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Sky News reports that ministers have confirmed they are looking into plans to limit quarantine requirements, so long as people have been fully vaccinated.
A government spokesperson told the outlet that it is 'working with industry for a safe return to international travel, guided by one overwhelming priority - public health'.
They added: "Recognising the strong strategic rationale and success of the vaccine programme, we have commenced work to consider the role of vaccinations in shaping a different set of health and testing measures for inbound travel."
Under the current traffic light system, people returning from green list countries do not have to quarantine, but have to take coronavirus tests.
Those coming from amber countries must self-isolate, while anyone coming from a red country has to quarantine in a hotel.
However, the new plans - which were first reported by The Telegraph - could mean travellers who have had two doses of the vaccine may be allowed to avoid quarantine on their return from amber list countries - which currently include holiday spots like Spain, France and Italy.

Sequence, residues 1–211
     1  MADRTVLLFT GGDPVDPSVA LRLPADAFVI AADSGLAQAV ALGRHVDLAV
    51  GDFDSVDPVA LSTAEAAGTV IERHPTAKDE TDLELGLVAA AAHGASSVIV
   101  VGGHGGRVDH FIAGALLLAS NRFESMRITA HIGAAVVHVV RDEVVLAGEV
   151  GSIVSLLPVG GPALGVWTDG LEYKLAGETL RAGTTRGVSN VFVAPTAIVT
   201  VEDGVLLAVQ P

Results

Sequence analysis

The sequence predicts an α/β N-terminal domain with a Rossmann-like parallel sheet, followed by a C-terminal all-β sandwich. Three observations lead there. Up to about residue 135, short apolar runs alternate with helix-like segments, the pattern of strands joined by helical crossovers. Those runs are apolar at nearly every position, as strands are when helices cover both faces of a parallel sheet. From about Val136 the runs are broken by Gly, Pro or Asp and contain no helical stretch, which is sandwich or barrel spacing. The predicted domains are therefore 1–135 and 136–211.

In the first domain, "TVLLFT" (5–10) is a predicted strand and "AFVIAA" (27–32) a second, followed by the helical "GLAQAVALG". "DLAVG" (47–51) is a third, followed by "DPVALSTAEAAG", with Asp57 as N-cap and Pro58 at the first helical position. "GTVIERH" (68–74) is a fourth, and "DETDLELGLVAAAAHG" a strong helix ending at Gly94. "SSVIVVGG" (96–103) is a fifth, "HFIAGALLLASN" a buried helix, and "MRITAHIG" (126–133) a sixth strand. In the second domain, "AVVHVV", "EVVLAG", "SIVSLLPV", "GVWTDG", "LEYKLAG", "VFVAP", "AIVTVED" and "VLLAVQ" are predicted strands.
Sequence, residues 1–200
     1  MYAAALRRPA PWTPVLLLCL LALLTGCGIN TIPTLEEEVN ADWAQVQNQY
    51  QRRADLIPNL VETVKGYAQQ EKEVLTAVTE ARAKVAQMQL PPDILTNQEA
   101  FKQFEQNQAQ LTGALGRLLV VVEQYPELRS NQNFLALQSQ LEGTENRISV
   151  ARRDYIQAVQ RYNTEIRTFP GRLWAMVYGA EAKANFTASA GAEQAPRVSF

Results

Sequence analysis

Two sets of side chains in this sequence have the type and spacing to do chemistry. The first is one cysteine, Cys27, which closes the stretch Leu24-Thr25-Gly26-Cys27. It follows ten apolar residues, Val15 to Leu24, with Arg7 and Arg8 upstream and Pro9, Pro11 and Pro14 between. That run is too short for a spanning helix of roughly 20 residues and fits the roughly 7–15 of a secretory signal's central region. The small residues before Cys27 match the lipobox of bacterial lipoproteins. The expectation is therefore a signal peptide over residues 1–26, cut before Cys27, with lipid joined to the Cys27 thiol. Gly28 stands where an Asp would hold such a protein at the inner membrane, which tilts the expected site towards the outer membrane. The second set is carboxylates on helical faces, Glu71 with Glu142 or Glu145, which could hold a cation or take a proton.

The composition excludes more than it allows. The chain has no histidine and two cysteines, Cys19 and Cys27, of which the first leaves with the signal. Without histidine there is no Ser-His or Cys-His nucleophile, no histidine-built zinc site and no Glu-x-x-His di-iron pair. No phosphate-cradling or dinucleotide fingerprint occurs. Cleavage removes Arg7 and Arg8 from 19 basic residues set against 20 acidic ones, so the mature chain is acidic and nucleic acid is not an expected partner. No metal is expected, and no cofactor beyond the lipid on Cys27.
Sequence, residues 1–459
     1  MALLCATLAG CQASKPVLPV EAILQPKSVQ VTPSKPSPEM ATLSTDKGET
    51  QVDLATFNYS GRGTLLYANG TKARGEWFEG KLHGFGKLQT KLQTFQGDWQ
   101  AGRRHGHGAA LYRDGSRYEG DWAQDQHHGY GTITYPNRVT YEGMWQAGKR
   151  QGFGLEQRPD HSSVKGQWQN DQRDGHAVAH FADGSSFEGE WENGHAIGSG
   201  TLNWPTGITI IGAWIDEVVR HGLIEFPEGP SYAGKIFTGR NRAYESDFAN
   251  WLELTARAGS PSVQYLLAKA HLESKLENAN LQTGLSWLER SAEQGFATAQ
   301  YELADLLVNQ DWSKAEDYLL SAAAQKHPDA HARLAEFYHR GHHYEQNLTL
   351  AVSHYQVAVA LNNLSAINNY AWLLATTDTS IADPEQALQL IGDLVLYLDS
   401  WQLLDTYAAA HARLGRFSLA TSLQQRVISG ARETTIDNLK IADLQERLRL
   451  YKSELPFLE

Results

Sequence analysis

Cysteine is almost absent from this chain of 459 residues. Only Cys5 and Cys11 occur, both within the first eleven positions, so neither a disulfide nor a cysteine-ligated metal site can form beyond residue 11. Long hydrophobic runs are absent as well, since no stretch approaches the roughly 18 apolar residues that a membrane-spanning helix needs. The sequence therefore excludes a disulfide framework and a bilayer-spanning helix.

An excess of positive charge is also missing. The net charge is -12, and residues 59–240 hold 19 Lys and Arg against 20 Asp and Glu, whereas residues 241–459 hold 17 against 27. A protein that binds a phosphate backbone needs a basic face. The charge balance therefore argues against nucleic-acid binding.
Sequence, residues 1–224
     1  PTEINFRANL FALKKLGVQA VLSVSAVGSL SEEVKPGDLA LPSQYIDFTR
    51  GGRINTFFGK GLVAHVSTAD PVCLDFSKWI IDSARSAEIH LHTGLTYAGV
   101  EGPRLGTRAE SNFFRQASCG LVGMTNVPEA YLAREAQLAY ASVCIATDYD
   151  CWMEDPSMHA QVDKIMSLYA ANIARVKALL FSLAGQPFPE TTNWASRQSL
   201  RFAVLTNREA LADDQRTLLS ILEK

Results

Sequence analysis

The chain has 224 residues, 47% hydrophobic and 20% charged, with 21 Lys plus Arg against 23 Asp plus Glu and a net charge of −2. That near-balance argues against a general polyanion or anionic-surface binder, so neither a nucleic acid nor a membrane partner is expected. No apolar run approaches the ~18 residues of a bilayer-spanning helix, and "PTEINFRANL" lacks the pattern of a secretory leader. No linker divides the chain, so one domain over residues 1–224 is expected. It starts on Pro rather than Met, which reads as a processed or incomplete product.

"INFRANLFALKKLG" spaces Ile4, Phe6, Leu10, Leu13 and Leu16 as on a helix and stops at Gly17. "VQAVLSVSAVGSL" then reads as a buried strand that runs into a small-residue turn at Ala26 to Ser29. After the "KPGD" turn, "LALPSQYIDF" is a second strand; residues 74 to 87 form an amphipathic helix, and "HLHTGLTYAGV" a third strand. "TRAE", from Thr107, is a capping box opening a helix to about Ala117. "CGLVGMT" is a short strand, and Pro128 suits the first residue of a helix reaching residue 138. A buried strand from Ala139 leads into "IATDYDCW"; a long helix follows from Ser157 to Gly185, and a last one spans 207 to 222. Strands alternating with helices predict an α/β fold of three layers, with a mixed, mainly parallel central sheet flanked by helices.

However, they would still need to be tested, according to The Telegraph, which said the plan 'would effectively turn amber countries green for the double-jabbed'.
Jesse Norman, the Financial Secretary to the Treasury, said the government was 'certainly looking at all the options here', telling Sky News: "We don't want to get left behind by countries which may be adopting a two jabs approach if it can be done safely and if it can be done carefully and securely."
When asked if Brits shouldn't write off a foreign holiday yet, Norman continued: "We are trying to move cautiously and progressively in the right direction, so I wouldn't write anything off at this point.
"But then we are in a situation where the virus is not something we control and we have seen this new Delta variant, so it would be imprudent to make any carte blanche or firm statement now."
He also said the government had to bear in mind the perception that under-30s would be discriminated against if relaxing travel restrictions depended on vaccination status.
Norman added: "Of course the under-30s do not have anything like the same vulnerability to the disease that people older do," he added.
"The government is accelerating the rollout of vaccinations as fast as it can."
Many UK citizens under the age of 30 have only just had their first jab.
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